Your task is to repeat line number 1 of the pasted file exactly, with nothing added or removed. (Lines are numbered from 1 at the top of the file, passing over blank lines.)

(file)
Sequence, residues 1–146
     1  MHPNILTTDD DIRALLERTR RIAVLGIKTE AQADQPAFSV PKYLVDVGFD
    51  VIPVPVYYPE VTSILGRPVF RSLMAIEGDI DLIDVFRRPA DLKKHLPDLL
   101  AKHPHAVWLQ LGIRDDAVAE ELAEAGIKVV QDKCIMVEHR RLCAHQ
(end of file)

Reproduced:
Sequence, residues 1–146